This paper presents the United Kingdom accrual accounting model adopted in the public sector (an Anglo-Saxon country) by comparison with the Romanian one (a Continental European country) trying to emphasize the differences and the similarities between the two countries accounting systems as well as the lessons learned from the United Kingdom accounting system regarding the implementation of the accrual accounting in public sector. In this paper we undertake some brief comparisons concerning the budgeting and the accounting practices in the public sector between the United Kingdom system and the Romanian one. The main aspects to which we refer are the budgetary system and the role of the budget in public institutions, the types of financial statements produced and the accounting conventions regarding the valuation and the accounting registration.

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2 Comparisons regarding the budgetary system between the United Kingdom and Romania 2.1

The financial control system

One of the differences between the Romanian and the United Kingdom system is the financial control system. The focus of control in the Romanian system is to ensure that cash expended in the period (or income collected) is neither greater nor less than forecasts in the budget. The emphasis is therefore about “inputs” into the activity rather than what the activity achieved (outputs). The main forms of Romanian higher education institutions management control is on “time”, e.g. when an invoice is to be paid, and it is possible for the manager to manipulate timing in order to ensure that budgets are met. In the United Kingdom system this is considerably less possible and managers have no ability to influence time. They are focused on resources used and the price paid for those resources.

2.2

The purpose of the budgetary system and its link to the accounting system

In Romanian public institutions the purpose of the budgetary appropriations registration is to provide information at every stage and for every subdivision of the approved budget concerning the consumed budgetary credits. For this reason, at every level, credit holders who are responsible for the accountancy organization and the book-keeping are designated according to the legal stipulations.

The commitments and payments are controlled on the basis of the authorisation of the Parliament. The cash deficit is directly linked to the appropriations. For this reason there is set a budgetary execution system through a budgetary accounting method which records the budgetary expenditures with a single-entry book-keeping procedure through some accounts which are not included in the balance-sheet, like “Budgetary Approved Credits”, “Budgetary Commitments”. These accounts record on their debit the opening balance at the beginning of the year, and every entry during the year, of the credits and commitments and on their credit the exits during the year and the close at the end of the year. While the Romanian budgetary system can be exercised at a detailed level registering and controlling the income and expenditure without providing managerial information, the resource budgeting system applied in the United Kingdom public institutions permits the control over the cash spending at a less detailed level and the relevance of the information permits the United Kingdom institutions managers a more soundly based control of expenditure. 10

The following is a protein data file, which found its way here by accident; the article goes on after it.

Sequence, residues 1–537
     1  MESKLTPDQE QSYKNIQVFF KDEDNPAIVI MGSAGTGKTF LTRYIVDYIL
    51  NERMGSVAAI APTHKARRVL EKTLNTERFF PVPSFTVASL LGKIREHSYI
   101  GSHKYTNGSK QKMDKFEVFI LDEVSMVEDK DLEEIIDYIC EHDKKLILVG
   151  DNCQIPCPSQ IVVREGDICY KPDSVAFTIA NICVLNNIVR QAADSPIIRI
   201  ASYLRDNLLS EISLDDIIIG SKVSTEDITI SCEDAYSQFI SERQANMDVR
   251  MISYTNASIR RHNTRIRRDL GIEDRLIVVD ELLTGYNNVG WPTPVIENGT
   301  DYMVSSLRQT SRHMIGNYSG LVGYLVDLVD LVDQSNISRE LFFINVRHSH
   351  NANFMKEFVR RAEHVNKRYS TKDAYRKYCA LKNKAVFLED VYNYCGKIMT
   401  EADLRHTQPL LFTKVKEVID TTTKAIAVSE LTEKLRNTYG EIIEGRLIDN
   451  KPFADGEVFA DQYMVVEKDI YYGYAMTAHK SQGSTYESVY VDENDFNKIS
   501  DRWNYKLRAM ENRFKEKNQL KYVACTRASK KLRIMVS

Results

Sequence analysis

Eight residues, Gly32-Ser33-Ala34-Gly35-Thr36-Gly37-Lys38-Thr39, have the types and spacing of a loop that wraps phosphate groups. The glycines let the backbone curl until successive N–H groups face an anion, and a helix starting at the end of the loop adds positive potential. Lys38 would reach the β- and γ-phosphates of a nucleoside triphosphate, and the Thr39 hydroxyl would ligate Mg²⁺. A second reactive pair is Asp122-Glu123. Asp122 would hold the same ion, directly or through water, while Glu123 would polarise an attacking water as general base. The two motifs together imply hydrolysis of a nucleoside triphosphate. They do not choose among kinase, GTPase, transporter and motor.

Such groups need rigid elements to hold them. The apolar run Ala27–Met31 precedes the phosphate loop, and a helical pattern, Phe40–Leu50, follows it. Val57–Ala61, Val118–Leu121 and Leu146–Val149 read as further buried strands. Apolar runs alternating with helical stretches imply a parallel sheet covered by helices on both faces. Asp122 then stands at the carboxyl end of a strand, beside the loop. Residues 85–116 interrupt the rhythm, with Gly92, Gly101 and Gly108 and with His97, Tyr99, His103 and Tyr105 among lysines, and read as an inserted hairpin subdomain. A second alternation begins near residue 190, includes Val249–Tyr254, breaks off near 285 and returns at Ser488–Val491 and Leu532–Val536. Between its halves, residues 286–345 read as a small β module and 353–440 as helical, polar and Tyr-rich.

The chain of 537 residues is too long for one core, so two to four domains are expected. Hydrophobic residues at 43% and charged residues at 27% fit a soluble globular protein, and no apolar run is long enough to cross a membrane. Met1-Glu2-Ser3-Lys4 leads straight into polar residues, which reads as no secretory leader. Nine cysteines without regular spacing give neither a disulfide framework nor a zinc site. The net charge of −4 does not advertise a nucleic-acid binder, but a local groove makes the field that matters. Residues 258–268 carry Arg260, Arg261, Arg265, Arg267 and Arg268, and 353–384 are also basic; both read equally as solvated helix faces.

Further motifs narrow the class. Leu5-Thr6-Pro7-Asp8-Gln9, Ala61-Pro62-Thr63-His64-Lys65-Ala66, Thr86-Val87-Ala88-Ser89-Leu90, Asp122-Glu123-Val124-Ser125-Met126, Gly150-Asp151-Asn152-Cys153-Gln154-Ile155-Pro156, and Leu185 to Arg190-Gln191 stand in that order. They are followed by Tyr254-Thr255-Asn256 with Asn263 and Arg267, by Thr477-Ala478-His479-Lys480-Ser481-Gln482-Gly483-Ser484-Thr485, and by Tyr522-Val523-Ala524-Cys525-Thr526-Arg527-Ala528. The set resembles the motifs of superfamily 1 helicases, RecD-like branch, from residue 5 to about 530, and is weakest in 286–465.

Also, the resource budgeting approach requires higher education departments to consider the cost of capital consumption and to match their costs to the time of the related service delivery activity (Economic&Social Research Council, 2005). Departmental budgets also include charges for depreciation on their assets (HM Treasury, 2005). The focus on resources rather than cash consumption reflects the economic significance of capital and current expenditure and encourages greater emphasis on outputs and on the achievement of aims and objectives (Mellet, 1998).

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Comparisons regarding public entities accounting system between the United Kingdom and Romania

The Romanian accounting system has a strong orientation marked by the macroeconomical information needs, the United Kingdom accounting tries to satisfy both government departments and agencies and other groups of users like employees, suppliers, students, other customers, lenders, general public. As both the Romanian and the United Kingdom public accounting systems have the accrual accounting at their basis, between the two systems there are not too many structure differences. The differences start from the economical politics as well as from the political and constitutional influences. The comparisons regarding the public higher education institutions between the United Kingdom and Romania have as a main objective: o o o

3.1

Characteristic elements;

Financial statements;

Valuation and accountability registration.

The characteristic elements of the public higher education institutions accounting

The main elements which characterize the two accounting systems from the public higher education institutions are shown in the Table no. 1.

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Elements Basis of the accounting system Accounting organization Accounting regulations

Institutional differences

Sectored accounting

The characteristics of the public institutions accounting from the United Kingdom Accrual accounting organized in a double-entry system, with no use of a numbered chart of accounts. The accounting is organized into a fiscal year. The adopting of the General Accepted Accounting Standards of the United Kingdom, without taking into account the International Public Sector Accounting Standards (IPSAS). The Treasury has no role in the administration of the public higher education institutions liquidity, being a part of the governmental body. The liquidity administration is done by the central and commercial banks. There is a sectored accounting plan in two accounting cycles, each functioning autonomously but in parallel with the others:  financial accounting,  cost and management accounting.